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Saturday, May 27, 2017

She Didn’t Do as He Wished.

Little Murders


Shortly after 4:00, the afternoon of November 4, 1893, Fred L. Buck rushed into the police station in Elgin, Illinois and announced, “I’ve just killed my wife; she’s been leading a fast life and I had to end it.”

Police went to the Bucks’ residence and found Fred Buck’s wife, Julia, in the bedroom, lying face down in a pool of blood. He had shot her in the temple at such short range that the bullet went straight through her head and was found embedded in her hair, which she wore knotted in the back. A second shot he fired in her back had been unnecessary as the first shot had killed her instantly.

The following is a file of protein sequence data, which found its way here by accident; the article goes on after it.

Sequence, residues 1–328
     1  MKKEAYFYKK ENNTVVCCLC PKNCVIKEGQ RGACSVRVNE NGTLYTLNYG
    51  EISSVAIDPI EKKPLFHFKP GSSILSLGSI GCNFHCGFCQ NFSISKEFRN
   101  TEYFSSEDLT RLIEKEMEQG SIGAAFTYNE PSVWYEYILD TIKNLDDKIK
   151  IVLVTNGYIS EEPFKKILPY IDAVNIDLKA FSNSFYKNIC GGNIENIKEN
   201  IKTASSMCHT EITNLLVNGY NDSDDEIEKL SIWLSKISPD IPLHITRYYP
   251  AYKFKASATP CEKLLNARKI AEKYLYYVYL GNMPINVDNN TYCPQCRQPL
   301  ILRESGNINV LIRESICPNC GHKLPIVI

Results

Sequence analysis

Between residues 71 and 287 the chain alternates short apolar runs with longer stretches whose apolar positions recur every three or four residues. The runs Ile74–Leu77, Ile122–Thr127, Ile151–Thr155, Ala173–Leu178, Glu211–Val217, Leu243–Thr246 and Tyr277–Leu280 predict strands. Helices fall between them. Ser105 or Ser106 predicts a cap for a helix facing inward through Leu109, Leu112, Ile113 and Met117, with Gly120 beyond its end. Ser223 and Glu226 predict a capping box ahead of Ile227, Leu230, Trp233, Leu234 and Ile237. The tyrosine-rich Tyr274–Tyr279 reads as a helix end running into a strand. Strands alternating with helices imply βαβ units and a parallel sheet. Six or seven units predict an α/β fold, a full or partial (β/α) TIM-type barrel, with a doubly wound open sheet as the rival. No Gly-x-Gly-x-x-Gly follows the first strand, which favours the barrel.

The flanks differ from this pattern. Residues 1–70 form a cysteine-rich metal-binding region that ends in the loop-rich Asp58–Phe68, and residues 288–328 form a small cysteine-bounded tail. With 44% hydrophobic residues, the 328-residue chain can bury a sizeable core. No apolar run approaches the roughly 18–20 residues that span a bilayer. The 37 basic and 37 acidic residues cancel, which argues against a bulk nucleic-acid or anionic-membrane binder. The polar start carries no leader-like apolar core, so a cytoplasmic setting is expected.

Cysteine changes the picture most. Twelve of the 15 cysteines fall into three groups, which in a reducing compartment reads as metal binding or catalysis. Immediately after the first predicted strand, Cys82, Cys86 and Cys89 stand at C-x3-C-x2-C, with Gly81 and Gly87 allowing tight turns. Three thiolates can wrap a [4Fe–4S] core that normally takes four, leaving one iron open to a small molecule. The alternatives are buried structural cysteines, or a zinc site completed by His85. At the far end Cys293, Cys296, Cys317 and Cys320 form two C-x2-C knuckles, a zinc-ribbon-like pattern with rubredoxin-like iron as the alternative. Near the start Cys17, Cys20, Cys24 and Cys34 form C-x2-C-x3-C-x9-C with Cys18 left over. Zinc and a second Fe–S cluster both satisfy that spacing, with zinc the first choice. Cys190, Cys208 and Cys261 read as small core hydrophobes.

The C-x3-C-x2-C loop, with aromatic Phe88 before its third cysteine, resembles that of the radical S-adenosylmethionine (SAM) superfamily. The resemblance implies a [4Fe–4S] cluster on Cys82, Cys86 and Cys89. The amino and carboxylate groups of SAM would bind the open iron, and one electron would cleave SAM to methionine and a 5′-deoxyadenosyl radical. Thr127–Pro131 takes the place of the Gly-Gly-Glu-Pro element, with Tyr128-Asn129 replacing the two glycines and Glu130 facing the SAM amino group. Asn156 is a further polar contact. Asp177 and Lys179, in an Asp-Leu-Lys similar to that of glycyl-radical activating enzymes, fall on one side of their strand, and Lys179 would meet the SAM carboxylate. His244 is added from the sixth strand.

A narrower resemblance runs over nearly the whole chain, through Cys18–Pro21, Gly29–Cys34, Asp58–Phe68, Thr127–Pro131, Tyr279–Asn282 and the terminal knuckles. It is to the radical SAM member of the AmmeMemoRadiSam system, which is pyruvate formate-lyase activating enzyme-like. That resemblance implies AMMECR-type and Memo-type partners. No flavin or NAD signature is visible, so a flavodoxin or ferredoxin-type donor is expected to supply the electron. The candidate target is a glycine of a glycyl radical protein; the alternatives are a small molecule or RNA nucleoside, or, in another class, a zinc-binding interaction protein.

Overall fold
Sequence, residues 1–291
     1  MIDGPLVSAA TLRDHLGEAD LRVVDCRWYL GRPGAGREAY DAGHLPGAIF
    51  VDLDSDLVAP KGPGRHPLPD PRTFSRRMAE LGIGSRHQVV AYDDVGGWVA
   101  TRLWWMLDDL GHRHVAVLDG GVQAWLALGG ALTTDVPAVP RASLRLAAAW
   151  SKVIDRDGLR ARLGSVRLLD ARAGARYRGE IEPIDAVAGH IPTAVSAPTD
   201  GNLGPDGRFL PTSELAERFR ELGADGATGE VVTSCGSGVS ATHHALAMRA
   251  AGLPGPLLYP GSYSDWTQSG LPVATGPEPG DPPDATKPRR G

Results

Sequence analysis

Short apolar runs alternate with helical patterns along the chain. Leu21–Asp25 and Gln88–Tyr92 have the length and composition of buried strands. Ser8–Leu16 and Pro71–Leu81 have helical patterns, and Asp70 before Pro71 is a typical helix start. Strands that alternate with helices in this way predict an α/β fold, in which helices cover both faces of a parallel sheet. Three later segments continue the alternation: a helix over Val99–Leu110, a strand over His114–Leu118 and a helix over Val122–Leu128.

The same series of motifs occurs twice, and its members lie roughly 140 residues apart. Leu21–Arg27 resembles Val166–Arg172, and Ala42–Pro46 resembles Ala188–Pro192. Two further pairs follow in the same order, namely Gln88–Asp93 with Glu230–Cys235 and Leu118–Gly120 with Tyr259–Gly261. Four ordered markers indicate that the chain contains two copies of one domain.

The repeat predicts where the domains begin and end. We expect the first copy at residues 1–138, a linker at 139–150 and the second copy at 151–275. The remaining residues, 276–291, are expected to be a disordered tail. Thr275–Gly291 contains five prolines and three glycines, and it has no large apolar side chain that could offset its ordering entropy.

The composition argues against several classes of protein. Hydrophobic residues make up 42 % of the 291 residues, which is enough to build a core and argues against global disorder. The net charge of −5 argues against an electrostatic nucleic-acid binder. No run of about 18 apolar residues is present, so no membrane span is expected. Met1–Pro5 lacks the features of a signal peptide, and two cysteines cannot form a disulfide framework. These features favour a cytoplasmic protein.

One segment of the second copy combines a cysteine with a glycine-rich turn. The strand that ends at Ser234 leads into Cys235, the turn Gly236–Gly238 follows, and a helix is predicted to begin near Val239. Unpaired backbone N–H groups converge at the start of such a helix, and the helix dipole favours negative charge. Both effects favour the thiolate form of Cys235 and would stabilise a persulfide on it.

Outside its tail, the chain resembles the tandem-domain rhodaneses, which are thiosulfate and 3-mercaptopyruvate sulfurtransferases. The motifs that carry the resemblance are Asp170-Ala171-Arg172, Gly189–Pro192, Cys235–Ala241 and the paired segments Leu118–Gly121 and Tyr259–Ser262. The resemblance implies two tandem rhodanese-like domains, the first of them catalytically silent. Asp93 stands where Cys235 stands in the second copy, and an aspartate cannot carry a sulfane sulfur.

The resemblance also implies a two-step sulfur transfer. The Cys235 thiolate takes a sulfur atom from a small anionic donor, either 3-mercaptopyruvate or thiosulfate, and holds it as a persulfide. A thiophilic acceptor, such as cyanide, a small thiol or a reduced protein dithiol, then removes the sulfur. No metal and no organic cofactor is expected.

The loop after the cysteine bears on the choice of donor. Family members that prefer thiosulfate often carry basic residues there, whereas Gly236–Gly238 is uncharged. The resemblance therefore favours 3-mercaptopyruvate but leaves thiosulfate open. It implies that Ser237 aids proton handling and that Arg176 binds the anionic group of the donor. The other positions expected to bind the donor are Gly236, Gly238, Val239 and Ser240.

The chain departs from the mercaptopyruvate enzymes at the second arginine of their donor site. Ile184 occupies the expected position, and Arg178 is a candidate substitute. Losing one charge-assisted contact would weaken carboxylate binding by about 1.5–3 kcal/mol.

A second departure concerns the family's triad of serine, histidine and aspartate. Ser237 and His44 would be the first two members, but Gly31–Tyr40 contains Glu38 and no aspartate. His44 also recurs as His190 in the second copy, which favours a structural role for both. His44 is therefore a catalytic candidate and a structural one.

Fred Buck was the Illinois State Game and Fish Warden and had been in charge of the government aquariums in the Fisheries Building at the World’s Fair in Chicago. He was also engaged in the manufacture of a patent lantern and had previously been a private detective. His wife Julia, 30-years-old, was the brother of Theodore F. Swan who owned a large department store in Elgin. Both Fred and Julia were previously married and divorced.

Saturday, May 20, 2017

The Dedham Tragedy.

Finding the Bodies